Conversations with Jimmy Carter
Interviews that capture the complexities and contradictions that have defined Carter's life as a national public figure for the last fifty years—and that have helped to both reflect and shape the highest aspirations of the American experiment
When Jimmy Carter (b. 1924) lost the presidency in 1980, it would have been reasonable to think his public life was coming to an end. The moderate, evangelical, blue-jeans-wearing peanut farmer made an unlikely governor of Georgia, and an even less likely winner of the vicious 1976 Democratic presidential nomination. Coming into an era of American politics where evangelical and rural voters became increasingly identified with the Reagan revolution, and the Democratic Party’s identity became increasingly secular and urban by attrition, he did not fit neatly into the political categories of the emerging decade. But it was not politics that would define President Carter in the end: it would be his humble Christian faith and his enduring commitment to the poor, to peace, and to human rights.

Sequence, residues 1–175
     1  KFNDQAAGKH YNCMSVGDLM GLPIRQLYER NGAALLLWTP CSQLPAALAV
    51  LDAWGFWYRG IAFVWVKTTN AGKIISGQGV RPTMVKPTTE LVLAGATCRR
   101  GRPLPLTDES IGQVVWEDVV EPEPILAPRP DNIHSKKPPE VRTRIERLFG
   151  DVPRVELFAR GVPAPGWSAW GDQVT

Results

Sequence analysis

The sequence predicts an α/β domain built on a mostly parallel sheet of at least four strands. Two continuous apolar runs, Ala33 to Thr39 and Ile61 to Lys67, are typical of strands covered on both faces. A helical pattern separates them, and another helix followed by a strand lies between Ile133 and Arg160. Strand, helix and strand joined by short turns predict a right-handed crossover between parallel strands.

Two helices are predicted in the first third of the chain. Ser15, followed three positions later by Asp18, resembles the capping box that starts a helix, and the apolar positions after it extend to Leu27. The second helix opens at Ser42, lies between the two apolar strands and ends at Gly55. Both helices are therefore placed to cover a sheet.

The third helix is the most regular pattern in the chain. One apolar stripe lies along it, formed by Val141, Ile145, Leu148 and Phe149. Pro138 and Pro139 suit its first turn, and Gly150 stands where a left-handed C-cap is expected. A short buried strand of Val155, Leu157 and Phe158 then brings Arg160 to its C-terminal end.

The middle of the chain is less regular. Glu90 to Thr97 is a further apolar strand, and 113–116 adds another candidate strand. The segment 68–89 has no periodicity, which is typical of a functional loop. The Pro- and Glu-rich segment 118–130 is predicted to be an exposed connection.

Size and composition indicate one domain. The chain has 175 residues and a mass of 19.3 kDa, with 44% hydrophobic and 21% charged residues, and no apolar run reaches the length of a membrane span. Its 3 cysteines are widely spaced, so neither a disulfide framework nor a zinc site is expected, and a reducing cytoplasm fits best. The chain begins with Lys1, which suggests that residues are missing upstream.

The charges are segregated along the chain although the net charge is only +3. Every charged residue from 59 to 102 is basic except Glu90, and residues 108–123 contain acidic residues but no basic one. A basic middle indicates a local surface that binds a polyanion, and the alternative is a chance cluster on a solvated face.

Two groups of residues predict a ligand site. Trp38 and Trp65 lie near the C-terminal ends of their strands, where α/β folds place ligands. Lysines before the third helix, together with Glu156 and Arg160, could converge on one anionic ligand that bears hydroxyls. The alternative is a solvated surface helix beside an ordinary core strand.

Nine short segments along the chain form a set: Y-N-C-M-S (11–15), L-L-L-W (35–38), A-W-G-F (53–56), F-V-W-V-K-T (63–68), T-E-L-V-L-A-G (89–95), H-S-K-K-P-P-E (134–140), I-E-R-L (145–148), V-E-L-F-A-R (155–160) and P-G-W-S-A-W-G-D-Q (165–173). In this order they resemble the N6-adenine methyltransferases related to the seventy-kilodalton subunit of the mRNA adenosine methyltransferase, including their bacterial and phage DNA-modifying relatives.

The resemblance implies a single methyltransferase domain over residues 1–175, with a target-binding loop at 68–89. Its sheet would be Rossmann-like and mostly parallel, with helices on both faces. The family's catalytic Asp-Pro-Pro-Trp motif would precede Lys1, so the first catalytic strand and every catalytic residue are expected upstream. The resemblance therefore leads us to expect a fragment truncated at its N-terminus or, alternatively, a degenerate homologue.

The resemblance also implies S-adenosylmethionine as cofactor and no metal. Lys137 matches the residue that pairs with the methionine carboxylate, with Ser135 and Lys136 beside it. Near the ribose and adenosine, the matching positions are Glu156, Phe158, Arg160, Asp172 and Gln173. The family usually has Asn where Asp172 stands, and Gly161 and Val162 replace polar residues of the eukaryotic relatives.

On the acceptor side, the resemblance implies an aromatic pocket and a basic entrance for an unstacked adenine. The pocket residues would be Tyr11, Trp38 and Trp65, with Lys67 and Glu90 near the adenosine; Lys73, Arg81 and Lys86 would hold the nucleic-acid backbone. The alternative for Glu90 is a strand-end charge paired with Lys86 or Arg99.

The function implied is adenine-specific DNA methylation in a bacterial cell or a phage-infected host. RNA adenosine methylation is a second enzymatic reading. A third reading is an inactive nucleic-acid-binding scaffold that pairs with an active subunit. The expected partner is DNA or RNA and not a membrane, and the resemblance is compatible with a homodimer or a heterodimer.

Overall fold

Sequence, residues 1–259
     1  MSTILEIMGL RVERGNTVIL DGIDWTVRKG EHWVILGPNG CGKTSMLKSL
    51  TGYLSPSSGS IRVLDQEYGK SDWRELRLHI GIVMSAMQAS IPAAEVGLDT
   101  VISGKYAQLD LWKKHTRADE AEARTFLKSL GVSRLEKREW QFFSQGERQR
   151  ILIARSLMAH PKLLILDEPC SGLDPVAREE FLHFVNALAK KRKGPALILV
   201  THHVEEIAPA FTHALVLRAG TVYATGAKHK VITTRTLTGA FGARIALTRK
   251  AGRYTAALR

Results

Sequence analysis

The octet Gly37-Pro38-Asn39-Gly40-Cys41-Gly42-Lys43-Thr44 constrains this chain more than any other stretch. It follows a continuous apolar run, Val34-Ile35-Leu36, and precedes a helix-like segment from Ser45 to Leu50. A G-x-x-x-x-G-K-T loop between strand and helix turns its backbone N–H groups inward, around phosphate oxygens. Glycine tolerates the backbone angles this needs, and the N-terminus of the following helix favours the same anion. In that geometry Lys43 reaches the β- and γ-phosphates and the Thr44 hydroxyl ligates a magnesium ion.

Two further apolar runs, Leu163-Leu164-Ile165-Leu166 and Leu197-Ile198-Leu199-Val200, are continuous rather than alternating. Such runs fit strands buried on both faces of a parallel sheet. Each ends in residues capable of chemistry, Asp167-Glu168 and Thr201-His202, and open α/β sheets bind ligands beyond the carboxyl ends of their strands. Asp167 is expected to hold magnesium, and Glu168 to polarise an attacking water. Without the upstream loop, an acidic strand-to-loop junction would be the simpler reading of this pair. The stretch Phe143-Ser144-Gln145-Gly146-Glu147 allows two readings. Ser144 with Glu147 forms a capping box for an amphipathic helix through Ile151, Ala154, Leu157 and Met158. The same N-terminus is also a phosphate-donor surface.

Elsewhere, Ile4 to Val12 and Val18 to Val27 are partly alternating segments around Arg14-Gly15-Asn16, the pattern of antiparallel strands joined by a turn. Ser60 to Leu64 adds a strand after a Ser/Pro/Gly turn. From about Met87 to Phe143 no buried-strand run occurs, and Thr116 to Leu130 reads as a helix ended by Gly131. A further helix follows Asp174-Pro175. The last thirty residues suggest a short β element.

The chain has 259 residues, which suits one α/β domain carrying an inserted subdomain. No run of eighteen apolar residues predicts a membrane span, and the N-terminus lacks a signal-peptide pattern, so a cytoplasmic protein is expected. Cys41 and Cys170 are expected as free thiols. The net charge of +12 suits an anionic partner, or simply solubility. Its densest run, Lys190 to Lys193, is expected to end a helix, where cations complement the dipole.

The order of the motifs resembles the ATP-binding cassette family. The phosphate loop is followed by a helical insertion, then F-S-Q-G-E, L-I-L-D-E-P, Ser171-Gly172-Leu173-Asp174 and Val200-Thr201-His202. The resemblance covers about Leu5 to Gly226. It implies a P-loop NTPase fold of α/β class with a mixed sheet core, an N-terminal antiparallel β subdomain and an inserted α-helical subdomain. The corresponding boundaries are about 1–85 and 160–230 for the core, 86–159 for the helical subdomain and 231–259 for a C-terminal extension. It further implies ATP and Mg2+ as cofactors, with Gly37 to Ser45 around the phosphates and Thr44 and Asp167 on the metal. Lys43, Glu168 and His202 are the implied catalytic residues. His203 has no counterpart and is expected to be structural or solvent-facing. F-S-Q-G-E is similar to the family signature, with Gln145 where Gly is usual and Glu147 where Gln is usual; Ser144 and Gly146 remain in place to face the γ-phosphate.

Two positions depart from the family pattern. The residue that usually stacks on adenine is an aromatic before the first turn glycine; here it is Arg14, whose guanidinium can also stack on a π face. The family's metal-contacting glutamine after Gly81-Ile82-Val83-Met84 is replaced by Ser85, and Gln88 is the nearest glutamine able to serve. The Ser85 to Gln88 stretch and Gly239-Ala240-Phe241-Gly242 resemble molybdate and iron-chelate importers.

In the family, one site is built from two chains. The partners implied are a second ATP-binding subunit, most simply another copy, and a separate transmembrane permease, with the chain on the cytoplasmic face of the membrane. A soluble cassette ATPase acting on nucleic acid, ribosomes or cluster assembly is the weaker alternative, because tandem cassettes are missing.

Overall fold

In Conversations with Jimmy Carter, eleven interviews, drawn from Carter’s five decades as a national public figure, capture the complexities and contradictions that have defined him—and that have helped to both reflect and shape the highest aspirations of the American experiment.